How To Be A Better Team Player

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Arielle Greenbaum

Director of People Operations

Employees are collaborating and working as teams more than ever before. An article from the Harvard Business Review entitled “Collaboration Overload” highlights this new workplace paradigm and discusses the skills that it takes to be a good collaborator versus a good contributor.

In order to become a better collaborator, you must start by becoming a better team player. Here are some tips to get you there:

  • Communicate! Effective communication with your team is critical. It’s how we present ideas, provide feedback, and ultimately accomplish goals. One aspect of communication that’s particularly important is empathy. Being a good team player means having empathy for others and using it when delivering messages.
  • Balance the positive and negative. Life isn’t always completely positive or negative. Knowing when to be the skeptic and when to be the cheerleader is important. It’s important to know how to motivate people, and to be able to deliver appropriate feedback in order to keep other team members engaged.
  • Think about workflows. One of the most valuable things a team player can do is be able to articulate how things are done in their department or the company. Not always what the policy is – although that can be helpful too – but how things really get done. Being a good team player means not only knowing how things work around the office, but being able to suggest new and better ways of doing things.
  • Be organized. No one wants to watch someone fumble through a meeting because they’re too all over the place. Disorganization can be misinterpreted as lack of caring and disrespect for other team members’ time.  When working collaboratively, take adequate time to prepare. Don’t assume that everything is immediately accessible.
  • Work outside of your department, company, and industry. Working on a team can be challenging, frustrating, and downright difficult. It can also be incredibly fulfilling, educational, and lots of fun. Look for opportunities to work on teams that allow for both types of experience.
  • Set the right priorities. High performing teams accomplish their goals because everyone’s priorities are aligned. Are your priorities the same as the rest of the team? If they’re not, ask yourself why? It might be helpful to have a conversation with your manager to figure out why there might be a discrepancy between your individual goals and those of the team.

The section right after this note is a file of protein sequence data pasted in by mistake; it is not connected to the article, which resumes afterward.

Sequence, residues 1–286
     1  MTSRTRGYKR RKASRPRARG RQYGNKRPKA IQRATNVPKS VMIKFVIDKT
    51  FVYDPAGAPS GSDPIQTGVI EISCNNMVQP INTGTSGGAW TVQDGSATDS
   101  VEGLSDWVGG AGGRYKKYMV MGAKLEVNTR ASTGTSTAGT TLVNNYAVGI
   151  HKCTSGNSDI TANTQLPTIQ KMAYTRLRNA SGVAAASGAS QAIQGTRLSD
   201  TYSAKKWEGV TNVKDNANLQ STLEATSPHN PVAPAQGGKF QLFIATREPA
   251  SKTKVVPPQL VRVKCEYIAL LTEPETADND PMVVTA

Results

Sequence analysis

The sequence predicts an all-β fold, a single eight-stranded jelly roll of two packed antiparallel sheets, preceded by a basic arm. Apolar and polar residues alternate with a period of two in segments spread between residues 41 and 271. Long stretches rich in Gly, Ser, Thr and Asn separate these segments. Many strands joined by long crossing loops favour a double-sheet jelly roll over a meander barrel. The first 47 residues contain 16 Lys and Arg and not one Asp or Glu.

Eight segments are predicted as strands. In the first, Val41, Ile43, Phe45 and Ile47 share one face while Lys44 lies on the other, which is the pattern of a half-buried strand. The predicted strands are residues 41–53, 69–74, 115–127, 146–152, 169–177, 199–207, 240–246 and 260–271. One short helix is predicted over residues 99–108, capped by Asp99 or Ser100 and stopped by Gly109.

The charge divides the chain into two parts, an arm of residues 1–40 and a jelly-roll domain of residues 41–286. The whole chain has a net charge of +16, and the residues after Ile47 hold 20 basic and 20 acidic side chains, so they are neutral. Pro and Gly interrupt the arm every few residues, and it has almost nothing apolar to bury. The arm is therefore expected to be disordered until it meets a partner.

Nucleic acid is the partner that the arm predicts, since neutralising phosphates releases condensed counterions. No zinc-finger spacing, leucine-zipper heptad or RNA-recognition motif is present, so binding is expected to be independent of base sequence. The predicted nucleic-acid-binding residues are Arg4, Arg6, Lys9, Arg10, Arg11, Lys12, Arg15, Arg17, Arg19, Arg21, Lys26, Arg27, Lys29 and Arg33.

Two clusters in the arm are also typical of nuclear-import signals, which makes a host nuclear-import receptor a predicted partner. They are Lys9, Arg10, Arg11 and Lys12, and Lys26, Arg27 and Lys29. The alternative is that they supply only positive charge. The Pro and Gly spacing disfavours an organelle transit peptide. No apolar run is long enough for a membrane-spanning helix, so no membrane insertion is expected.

• Meet your deadlines and keep your promises. When you commit to a deadline, do everything you can to make sure it gets done. Your credibility as a member of the team is important. The quickest way to lose your cred is by not being a person of your word. Obviously, things will happen that might be out of your control, but communicating those challenges to the rest of the team will help bigger alleviate problems moving forward.
  • Understand your influence. Everyone has power and influence. Everyone. It’s important to realize that and use your influence to achieve positive outcomes. Not only is it bad to use your power for the wrong reasons, but it’s equally bad to not use your influence when you could. In those situations, the rest of the team knows that you can change a situation and you didn’t step up.
  • Have fun. Being part of a team should be fun. Yes, there will be tough days. But you really should have more fun days than tough days. The team should find ways to have fun, laugh, and celebrate your collective successes. Building some kind of bond with the rest of the team will help everyone become a better team player.
  • Respect others even when you disagree with them. No matter what happens, everyone individual team member should be treated with and treat others with respect. That doesn’t mean you can’t disagree. In fact, the team might need to disagree to produce their best work. But you can raise questions, show concern, and not agree with respect.

Even employees who are considered “individual contributors” have to work on teams. We all must have the ability to work with others, and it takes a conscious effort to finetune that skillset. If everyone is focused on being a good team player, the collective group will benefit immensely and that will ultimately be reflected in the resulting work product.

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